Do you ever wonder what it is exactly you are fighting over? When you are argy but deep down nothing make complete sense? This is why we call it conflict, because it’s messy, confusing and it’s about two people not being able to agree, sometimes even with what the exact conflict is over.
During a girl’s dinner recently, I was asked why I thought my friend was still angry at her boyfriend and we sat there trying to work it out. I always over analyse, this time looking and explaining the ice berg structure of arguments to my friend where you are arguing about something on the surface but are not aware of what’s going on underneath. But even the iceberg theory (drawn on a napkin) was not enough to solve my friend’s anger and confusion.
Conflict very quickly got simplified for me when watching a 3 year throw a tantrum over getting into trouble and not getting what they wanted. It made me realise that when it comes to conflict, many of us are just like small children. We get angry if we don’t get our own way which can be about someone not agreeing with our train of thought. But then we also use emotion to get that someone to give us attention and soothe the uneasiness of the emotion of not getting what we want. But when we are seeking that smoothing from the same person we are also in conflict with, it feels messy and confusing. When it comes to conflict, maybe we are internally just all like small children, throwing more sophisticated and adult tantrums in the hope of either getting what we want or getting back to a level of comfort by using the attention of the person we are in conflict with. (You might have to read that a few times before it makes clear sense). The irony is that we are angry at the same person we are needing something from at that time.
But what happens when you don’t get what you want and there is no attention, affection of soothing? Even more conflict in the hope to get the same response? Now if the person on the other side avoids conflict as most people do when being faced with the adult version of a screaming toddler, they avoid or even react defensively which in turn doesn’t allow the other person to either get what they want or be soothed. No wonder we feel like sometimes conflict and arguments have no end and we forget how they got so big in the first place.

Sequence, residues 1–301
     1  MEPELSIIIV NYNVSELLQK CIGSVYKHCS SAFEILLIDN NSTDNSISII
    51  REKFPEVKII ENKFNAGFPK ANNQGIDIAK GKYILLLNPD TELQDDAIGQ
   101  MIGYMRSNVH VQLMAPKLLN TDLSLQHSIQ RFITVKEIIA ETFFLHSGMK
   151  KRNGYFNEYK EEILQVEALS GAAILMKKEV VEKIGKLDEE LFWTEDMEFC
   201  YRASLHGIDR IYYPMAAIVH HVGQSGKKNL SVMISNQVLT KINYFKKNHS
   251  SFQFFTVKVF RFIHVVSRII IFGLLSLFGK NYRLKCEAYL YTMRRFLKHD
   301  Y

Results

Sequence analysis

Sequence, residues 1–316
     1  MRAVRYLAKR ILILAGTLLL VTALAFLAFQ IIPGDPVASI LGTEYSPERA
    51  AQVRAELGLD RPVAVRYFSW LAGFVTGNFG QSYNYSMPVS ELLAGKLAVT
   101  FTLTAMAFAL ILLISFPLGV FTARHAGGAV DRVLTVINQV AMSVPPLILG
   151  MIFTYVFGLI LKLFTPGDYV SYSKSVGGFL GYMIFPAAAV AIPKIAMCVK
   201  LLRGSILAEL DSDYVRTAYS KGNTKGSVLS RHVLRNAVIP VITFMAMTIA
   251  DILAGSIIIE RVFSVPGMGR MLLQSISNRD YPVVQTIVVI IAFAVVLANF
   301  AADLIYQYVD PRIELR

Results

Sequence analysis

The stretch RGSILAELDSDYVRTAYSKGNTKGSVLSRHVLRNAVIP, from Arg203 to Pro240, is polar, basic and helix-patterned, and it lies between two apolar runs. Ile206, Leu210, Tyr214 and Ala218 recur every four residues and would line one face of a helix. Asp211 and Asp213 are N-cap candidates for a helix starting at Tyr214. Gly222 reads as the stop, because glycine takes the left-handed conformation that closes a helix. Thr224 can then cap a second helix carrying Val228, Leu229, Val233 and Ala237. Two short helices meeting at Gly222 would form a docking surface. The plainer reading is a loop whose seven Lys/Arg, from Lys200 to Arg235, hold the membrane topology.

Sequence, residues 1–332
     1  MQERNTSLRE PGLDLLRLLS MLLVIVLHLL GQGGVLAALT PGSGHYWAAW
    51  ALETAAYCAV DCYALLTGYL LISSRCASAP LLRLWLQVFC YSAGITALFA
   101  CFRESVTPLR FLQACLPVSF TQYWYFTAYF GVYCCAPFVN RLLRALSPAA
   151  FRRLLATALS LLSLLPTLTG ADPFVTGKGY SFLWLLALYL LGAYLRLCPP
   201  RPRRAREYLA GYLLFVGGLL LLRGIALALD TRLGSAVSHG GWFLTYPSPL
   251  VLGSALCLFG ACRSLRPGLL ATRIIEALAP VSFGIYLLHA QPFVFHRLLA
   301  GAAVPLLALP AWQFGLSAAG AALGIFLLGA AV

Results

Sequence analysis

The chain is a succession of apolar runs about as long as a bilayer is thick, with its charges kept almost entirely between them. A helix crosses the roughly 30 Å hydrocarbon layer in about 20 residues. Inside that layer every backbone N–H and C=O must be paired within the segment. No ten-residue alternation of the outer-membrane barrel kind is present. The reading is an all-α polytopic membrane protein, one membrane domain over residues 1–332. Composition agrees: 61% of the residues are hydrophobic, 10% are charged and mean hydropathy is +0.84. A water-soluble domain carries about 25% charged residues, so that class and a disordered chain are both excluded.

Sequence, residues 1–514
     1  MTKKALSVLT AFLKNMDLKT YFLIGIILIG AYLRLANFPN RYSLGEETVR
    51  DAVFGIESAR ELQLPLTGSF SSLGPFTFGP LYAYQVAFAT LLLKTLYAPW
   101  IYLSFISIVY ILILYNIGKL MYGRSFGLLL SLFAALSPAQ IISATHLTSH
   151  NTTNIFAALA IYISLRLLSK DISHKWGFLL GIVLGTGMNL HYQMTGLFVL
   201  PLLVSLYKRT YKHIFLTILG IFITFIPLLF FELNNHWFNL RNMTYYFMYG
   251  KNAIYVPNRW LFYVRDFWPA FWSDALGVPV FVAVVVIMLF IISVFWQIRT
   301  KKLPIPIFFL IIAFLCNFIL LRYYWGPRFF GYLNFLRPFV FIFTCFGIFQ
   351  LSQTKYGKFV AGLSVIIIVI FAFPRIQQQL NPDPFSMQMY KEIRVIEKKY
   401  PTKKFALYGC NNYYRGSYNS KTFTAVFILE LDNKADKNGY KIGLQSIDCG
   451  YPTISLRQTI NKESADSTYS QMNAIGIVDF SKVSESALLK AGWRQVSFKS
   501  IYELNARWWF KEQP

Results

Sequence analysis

The one thing I have learnt about conflict is it fuelled by what’s underneath. Yes, I’m going to go back to the ice berg because I feel that it’s not only simple but so true. The person we are in conflict with is not in our heads. They are not in our thoughts and they don’t read minds. They don’t know where our triggers are and what statements set us off. It’s under the surface, so when we do react, how are they supposed to know why we are reacting for?
There is a great image that comes from burning man in 2015 that I feel sums up a lot of what conflict sometimes might be. It’s an art piece of two adults arguing sitting back to back to one another with their heads in their hands. Inside the wire structure of these two adult is another two smaller structures, children who are facing each other. Inside every adult when there is conflict is two children who are wanting to connect. Sometimes we are so angry and filled with emotion and confusion that we are not able to recognise this. Sometimes in order to get that connection, we fight, wanting the other person to consul us or react, just like a child does. I don’t’ think like with children discipline is the answer, but smoothing and connection just might be, no matter how angry that person is. It’s not about teaching them a lesson at that time but trying to smooth them enough back to a somewhat comfortable state to discuss and work out what the real problem might be.
Discuss the issues when you have both calmed down and can start to unpick the problem or have a look at what’s under the surface. But you might need to also help the other person to calm down. But when there is conflict, know that it might be something completely different than what’s really going on.
Whilst conflict is complex, it’s also very normal in relationships to have, and the real growth happens during these times. When you are faced with complexities, it’s how you resolve these that really matter, not necessarily why they occurred in the first place.